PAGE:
Former Maryland Correctional Officer Sentenced in Connection with Series of Assaults on Inmate
WASHINGTON—James Kalbflesh, a former correctional officer at the Roxbury Correctional Institution (RCI) in Hagerstown, Maryland, was sentenced today in connection with the March 9, 2008, assault of Kenneth Davis, an inmate. U.S. District Judge James K. Bredar sentenced Kalbflesh to serve 60 months in prison.
Kalbflesh was found guilty by a federal jury of conspiracy against rights, deprivation of rights under color of law and conspiracy to obstruct justice. Evidence at trial and in court documents filed in connection with his convictions established that Kalbflesh and other officers at RCI met during the midnight shift and agreed to assault Davis in retaliation for a prior incident involving Davis and another officer. Kalbflesh and other officers then entered Davis’ cell and assaulted him.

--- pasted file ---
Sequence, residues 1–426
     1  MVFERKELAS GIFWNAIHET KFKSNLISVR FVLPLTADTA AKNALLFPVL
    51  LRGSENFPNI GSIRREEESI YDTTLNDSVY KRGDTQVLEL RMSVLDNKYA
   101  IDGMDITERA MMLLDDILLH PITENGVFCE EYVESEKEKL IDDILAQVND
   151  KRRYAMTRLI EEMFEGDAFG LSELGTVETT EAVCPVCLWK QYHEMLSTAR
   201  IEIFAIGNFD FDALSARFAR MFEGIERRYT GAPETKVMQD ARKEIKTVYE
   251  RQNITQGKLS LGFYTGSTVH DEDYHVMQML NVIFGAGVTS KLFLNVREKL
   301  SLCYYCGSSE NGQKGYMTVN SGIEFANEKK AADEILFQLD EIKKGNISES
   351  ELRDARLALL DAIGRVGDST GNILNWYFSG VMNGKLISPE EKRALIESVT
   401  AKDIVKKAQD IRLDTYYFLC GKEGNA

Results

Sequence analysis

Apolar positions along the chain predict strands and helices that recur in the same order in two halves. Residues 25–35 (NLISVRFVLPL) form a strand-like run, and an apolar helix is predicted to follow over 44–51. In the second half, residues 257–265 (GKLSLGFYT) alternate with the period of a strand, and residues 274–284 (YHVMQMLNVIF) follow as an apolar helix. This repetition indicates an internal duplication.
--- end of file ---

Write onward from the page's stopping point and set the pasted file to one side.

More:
Davis was also subjected to retaliatory assaults by officers from the preceding and following shifts. Davis suffered facial fractures, a broken rib and fractured vertebrae, among other injuries, as a result of the series of assaults. The assaults by Kalbflesh and other RCI officers resulted in serious injuries that left Davis unrecognizable. Kalbflesh is the last remaining officer to be sentenced in the related RCI cases.
“Sixteen former correctional officers from RCI have been convicted and sentenced for their involvement in the series of beatings of an inmate, and in the coordinated cover-ups that followed each assault,” said Acting Assistant Attorney General Jocelyn Samuels for the Civil Rights Division. “These officers betrayed the public trust by using their official positions to commit violent civil rights abuses and then tried to cover up their crimes. The Department of Justice will continue to prosecute vigorously correctional officers who use their power to violate federal law.”
The case was investigated by the Frederick Resident Agency of the FBI, and prosecuted by Special Litigation Counsel Forrest Christian and Trial Attorney Sanjay Patel of the Civil Rights Division.